Jung describes this process in Psychological Types: Jung says that as the Ni-user becomes increasingly one-sided, he gets overly involved with his internal vision, becomes unintelligible to the rest of the world, and becomes kind of a "prophet in the wilderness."

Finally, this process of going to extremes and becoming overly involved in one's internal world to the exclusion of the outer world can result in what I called "acedia" in my previous post. It's the Ni-Dom's analog to Ne-Dom "weltschmerz"...

However, this post is running long, so let me stop here. Sometime in the next 24 hours, I'll post a few more ideas about acedia and why I associate it specifically with Ni-Dom. Meantime, people can comment on the ideas I've posted so far on Ne-Dom and Ni-Dom.

To wrap up: Keep in mind that I'm not a shrink, I'm just an amateur. I'm just describing my own understanding of how the cognitive functions operate. So take what you like and disregard the rest.
 

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I do have a dream company I haven't gotten to but maybe I should just enjoy this moment of working obvious job and seize the moment
Might sound cheesy, but Jung would probably say focus too much on your strengths and they become your weaknesses, and whenever you feel like you're cruising it often pays to check your thinking in this regard, and kudos it sounds like that's what you're starting to do.

With respect to functions and life stages, I don't have much to add about Ni except that I think you'll find you'll continue to draw on it more and more as you move into your 30s. My question though would be about Fe. You probably have more freedom in your early-mid 20s than at any other time in your life to give expression and form to your Fe self. How has that gone?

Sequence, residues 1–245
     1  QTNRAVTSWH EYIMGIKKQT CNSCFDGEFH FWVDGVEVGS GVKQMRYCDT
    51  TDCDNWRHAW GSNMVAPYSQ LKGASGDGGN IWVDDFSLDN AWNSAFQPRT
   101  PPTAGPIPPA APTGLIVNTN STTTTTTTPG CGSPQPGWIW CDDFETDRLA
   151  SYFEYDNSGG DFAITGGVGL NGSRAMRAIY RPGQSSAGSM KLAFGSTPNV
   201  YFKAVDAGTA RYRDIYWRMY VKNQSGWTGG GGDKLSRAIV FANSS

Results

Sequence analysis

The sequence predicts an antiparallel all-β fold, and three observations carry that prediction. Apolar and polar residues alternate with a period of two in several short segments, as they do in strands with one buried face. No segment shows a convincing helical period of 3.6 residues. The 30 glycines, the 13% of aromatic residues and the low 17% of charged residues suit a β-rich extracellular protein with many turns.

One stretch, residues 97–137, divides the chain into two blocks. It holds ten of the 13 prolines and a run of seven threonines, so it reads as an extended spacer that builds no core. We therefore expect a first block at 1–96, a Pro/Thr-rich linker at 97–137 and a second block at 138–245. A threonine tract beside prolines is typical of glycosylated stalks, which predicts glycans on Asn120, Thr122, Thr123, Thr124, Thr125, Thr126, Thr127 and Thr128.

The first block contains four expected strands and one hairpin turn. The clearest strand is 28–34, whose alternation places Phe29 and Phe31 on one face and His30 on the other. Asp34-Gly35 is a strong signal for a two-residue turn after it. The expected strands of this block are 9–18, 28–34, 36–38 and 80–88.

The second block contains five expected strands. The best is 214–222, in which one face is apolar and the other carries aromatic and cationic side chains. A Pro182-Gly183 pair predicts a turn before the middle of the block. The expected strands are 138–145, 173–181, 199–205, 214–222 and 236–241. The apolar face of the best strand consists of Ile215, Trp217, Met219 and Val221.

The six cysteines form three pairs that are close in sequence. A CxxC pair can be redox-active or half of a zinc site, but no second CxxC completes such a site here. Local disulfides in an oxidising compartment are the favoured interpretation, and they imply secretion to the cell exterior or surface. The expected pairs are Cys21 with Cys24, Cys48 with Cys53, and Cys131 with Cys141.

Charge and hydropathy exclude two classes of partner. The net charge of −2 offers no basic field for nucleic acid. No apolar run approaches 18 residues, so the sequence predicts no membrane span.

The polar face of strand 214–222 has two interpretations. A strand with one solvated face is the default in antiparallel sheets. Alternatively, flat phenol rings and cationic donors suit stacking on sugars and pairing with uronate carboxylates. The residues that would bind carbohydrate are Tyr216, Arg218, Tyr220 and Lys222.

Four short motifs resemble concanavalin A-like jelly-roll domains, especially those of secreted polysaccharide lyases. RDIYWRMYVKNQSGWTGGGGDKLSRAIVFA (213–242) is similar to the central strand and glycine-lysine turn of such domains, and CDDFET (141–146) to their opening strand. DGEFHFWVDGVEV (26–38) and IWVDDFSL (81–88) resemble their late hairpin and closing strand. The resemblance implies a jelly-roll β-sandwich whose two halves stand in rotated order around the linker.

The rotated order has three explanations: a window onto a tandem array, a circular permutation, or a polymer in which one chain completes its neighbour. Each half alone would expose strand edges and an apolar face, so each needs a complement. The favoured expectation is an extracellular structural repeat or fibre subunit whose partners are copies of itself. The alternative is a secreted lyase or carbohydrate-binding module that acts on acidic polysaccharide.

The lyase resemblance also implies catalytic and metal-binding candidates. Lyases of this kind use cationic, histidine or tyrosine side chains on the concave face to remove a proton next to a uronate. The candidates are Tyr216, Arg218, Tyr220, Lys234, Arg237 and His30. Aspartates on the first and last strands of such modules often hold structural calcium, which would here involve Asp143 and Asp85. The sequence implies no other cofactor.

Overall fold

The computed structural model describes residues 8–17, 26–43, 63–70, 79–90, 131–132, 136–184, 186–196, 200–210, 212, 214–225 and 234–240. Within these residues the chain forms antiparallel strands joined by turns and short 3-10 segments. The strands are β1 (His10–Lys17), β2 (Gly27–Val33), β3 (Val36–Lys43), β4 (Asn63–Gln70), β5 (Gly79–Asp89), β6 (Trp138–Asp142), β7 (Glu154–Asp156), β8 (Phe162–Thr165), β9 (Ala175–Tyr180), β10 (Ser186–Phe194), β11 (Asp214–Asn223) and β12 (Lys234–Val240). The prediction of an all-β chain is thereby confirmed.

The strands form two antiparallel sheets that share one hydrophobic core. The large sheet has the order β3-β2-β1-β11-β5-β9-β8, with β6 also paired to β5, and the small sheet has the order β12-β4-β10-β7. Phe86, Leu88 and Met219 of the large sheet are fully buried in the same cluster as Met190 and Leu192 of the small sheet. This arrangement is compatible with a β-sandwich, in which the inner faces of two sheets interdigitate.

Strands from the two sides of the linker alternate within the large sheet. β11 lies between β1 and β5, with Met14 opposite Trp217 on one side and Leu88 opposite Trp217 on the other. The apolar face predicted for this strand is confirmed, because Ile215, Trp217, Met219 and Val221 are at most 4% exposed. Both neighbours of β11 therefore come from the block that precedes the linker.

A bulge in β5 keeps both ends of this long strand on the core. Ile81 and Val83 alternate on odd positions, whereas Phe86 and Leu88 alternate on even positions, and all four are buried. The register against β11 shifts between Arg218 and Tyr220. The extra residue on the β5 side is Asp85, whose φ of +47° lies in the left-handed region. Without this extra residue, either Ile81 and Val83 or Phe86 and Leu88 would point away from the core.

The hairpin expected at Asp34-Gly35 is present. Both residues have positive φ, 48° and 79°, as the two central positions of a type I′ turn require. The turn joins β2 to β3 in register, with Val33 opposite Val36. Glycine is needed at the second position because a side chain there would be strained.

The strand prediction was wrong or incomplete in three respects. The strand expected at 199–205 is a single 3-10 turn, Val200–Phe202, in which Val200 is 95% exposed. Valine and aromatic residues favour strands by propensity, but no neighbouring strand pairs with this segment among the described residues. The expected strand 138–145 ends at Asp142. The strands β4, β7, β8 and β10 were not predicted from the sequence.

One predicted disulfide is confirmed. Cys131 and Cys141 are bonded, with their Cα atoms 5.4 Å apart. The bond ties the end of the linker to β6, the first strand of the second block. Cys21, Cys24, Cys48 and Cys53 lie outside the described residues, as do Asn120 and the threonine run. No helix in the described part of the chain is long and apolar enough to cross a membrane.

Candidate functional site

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Discussion Starter · #10 ·
Sorry I took a while to get back to this thread. I have some stuff going on IRL. Also, please forgive typos and unclear points in the post below; I'm typing fast and describing things casually and hastily.

Anyway, I don't have Ni in my top four functions. So maybe I should talk about my conception of how Ni works, and then I can relate that to the acedia idea.

How iNtuition works in general

N is generally about taking a big-picture view of things. That means juxtaposing multiple elements and finding associations.

To compare N to S:

N is about association, whereas S is about differentiation. N is about putting things together and seeing the big picture, whereas S is about taking things apart and spotting the differences in the details of things.

This means that N-users "float above" the world in order to see the big picture. IOW, they are the opposite of S-users, who get close up to the world and focus on the details. Or to put it another way: N-users in general dislike details (due to S-Inferior), so they end up floating above things, as though refusing to interact with life.

Jung explains the difference by saying that iNtuition is by nature an internal process: Juxtaposing things & looking for associations is done internally in the sense that associations are something you generate internally. Meanwhile, Sensing is by nature an external process: To sense things you have to focus on the details of the external world around you.

Ne external association vs Ni internal association

Both Ne-Doms and Ni-Doms do this thing of floating above the world, juxtaposing related things, and looking for associations. The difference is that Ne-Doms do this in the outer world (the "object"), while Ni-Doms do it in their internal world (the "subject").

The end result: Ne is about immersion, while Ni is about distancing.

Ne immersion